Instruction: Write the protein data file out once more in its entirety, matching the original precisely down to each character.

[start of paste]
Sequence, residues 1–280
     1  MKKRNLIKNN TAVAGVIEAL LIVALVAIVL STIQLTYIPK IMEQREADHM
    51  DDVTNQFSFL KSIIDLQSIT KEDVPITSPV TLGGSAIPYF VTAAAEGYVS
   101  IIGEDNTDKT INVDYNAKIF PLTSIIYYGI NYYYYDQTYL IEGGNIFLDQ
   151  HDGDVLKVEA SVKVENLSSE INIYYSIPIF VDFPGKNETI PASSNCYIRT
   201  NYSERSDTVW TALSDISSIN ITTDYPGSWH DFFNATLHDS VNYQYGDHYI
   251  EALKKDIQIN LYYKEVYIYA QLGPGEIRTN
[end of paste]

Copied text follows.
Sequence, residues 1–280
     1  MKKRNLIKNN TAVAGVIEAL LIVALVAIVL STIQLTYIPK IMEQREADHM
    51  DDVTNQFSFL KSIIDLQSIT KEDVPITSPV TLGGSAIPYF VTAAAEGYVS
   101  IIGEDNTDKT INVDYNAKIF PLTSIIYYGI NYYYYDQTYL IEGGNIFLDQ
   151  HDGDVLKVEA SVKVENLSSE INIYYSIPIF VDFPGKNETI PASSNCYIRT
   201  NYSERSDTVW TALSDISSIN ITTDYPGSWH DFFNATLHDS VNYQYGDHYI
   251  EALKKDIQIN LYYKEVYIYA QLGPGEIRTN